Session Type: Abstract Submissions (ACR)
Background/Purpose: Recent research has increased the appreciation of the contributions of neutrophils to systemic lupus erythematosus (SLE). An abnormal circulating pool of granulocytes has been associated with certain disease manifestations, and we previously developed techniques to isolate these low-density granulocytes (LDGs) from the blood of SLE patients. While LDGs express surface markers consistent with mature neutrophils, their nuclear morphology suggests an immature phenotype. This pattern of mature neutrophils possessing an abnormal nuclear morphology is frequently observed in patients with alterations in granulocyte development, suggesting that neutrophil differentiaton may be disrupted in SLE patients.
Methods: Because disrupted neutrophil development is frequently associated with genomic alterations, we compared genomic alterations in autologous pairs of LDGs and normal-density neutrophils. Somatic alterations were detected by cytogenetic microarray analysis of genomic DNA extracted from LDGs and neutrophils from 13 female SLE patients, as well as neutrophil samples from 9 age-matched healthy female donors. The Affymetrix 2.7M Cytogenetics Microarray chip was used to assess both copy number state and heterozygosity across the genome. For each SLE patient we compared genomic DNA from LDGs to DNA from autologous neutrophils. Variations present in both samples are inherited, while alterations found exclusively in the LDG sample represent the acquisition of additional somatic alterations.
Results: The SLE normal density neutrophils and healthy donor neutrophils had similar levels of copy number variations, most of which corresponded to known variants. In contrast, the LDG samples from SLE patietns had a two-fold increase in copy number alterations relative to either autologous normal-density neutrophils or healthy controls. The elevation in genomic copy number variations in the LDG samples included an increased incidence of both duplications and deletions. These LDG somatic alterations were found in 6 of the 13 patients. Thus, the LDGs isolated from a subset of SLE patients displayed evidence of genomic instability as determined by alterations in copy number. Moreover, these genomic alterations occurred preferentially on certain chromosomes, as opposed to random distribution across the genome. No correlation between genomic instability and the use of immunosuppressive drugs, disease activity or manifestations was observed.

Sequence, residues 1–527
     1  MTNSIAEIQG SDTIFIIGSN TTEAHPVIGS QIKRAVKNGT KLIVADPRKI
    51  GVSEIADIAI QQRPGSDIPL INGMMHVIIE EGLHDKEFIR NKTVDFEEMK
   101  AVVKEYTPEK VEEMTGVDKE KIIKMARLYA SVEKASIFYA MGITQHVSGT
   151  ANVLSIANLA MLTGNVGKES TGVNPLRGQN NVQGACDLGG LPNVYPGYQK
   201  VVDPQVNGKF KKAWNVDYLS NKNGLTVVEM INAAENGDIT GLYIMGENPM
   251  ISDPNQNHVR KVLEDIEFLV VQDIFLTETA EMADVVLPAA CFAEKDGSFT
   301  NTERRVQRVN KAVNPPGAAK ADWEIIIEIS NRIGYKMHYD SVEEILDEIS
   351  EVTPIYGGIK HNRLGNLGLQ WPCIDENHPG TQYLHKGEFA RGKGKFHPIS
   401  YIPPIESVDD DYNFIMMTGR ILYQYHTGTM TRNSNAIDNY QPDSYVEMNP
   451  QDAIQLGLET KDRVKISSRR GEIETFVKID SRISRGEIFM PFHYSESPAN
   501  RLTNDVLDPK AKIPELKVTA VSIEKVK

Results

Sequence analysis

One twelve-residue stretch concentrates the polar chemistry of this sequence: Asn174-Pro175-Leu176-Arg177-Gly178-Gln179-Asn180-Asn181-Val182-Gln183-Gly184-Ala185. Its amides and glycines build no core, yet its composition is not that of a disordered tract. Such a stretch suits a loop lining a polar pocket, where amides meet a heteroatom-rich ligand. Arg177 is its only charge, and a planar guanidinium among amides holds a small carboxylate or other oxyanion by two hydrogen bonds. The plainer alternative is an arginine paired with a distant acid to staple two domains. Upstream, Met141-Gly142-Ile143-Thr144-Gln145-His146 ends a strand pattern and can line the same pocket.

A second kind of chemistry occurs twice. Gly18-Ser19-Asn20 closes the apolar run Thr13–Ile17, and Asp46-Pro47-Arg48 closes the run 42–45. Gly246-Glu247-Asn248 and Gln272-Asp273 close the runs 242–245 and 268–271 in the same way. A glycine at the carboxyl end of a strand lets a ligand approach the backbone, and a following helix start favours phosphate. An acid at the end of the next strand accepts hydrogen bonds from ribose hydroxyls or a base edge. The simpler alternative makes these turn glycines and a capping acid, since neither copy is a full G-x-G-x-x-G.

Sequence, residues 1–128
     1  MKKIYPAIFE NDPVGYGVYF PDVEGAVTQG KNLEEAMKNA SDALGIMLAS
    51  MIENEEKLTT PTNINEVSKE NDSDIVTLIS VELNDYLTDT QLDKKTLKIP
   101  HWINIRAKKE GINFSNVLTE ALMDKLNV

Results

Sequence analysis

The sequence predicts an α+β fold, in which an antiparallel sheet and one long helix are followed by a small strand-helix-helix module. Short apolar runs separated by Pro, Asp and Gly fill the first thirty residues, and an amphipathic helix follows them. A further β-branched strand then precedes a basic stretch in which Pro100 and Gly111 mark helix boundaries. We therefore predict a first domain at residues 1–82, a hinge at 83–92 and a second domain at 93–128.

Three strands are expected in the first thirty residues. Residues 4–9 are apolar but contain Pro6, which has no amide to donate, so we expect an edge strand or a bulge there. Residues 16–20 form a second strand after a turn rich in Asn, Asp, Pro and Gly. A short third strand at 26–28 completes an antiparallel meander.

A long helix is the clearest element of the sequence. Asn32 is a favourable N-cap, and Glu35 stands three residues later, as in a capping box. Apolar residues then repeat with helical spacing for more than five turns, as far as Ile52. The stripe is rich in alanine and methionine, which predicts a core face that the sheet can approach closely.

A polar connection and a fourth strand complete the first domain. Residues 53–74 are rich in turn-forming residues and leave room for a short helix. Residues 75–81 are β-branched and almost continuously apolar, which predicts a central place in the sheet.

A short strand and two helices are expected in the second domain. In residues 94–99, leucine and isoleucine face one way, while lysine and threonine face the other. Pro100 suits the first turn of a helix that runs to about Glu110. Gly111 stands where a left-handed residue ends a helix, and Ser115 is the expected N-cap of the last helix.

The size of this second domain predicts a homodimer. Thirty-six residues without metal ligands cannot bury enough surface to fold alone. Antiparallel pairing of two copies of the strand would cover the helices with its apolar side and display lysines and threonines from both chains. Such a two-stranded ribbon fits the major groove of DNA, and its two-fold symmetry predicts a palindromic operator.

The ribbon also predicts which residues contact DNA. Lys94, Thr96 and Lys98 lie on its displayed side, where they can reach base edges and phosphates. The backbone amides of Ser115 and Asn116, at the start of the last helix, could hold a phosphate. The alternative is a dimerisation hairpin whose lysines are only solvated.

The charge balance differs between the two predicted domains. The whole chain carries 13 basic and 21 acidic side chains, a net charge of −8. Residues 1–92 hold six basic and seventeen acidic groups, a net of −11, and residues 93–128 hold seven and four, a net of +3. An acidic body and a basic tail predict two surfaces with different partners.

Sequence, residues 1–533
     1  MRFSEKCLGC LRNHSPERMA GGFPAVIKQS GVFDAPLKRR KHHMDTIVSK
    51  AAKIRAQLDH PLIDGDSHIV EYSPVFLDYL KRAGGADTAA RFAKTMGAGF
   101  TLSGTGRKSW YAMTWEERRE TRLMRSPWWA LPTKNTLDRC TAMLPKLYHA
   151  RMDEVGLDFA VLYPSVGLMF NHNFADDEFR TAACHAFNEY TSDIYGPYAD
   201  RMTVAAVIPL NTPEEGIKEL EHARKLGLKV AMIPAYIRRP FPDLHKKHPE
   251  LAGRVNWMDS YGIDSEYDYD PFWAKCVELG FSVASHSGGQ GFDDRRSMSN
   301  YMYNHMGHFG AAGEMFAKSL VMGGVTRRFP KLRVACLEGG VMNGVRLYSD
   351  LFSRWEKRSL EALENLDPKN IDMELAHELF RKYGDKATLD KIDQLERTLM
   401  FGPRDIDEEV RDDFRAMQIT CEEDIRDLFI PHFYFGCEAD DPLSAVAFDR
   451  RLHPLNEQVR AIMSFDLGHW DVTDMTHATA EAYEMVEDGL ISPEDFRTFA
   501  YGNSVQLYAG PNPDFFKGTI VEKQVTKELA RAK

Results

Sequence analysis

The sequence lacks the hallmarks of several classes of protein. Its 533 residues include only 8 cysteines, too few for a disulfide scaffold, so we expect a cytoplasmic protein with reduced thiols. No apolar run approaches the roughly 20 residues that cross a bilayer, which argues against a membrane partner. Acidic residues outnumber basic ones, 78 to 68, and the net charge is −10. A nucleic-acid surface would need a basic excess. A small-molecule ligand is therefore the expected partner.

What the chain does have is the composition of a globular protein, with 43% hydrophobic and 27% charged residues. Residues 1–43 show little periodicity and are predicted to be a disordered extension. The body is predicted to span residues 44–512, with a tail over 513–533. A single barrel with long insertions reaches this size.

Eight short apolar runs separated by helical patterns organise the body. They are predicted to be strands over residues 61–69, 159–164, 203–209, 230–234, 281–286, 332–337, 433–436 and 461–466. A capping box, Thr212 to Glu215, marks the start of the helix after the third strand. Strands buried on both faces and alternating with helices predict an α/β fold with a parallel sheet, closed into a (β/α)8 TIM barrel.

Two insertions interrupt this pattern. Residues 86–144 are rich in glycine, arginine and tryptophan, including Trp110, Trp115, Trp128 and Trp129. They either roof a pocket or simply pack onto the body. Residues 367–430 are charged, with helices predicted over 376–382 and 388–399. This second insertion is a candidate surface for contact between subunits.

Conclusion: In a subset of SLE patients, the LDGs show an elevated level of genomic alterations that is consistent with genetic damage or instability. These alterations occur in discrete chromosomal intervals, suggesting these regions reflect an increased propensity for damage or that the alteration confers a selective advantage to the affected cell. Whether the inflammatory environment present in SLE patients promotes these genetic alterations, or whether it is an intrinsic property of the SLE genome, remains to be determined.
M. J. Kaplan,
P. L. Cohen,
M. F. Denny,
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ACR Meeting Abstracts - https://acrabstracts.org/abstract/abnormal-neutrophil-development-in-human-systemic-lupus-erythematosus/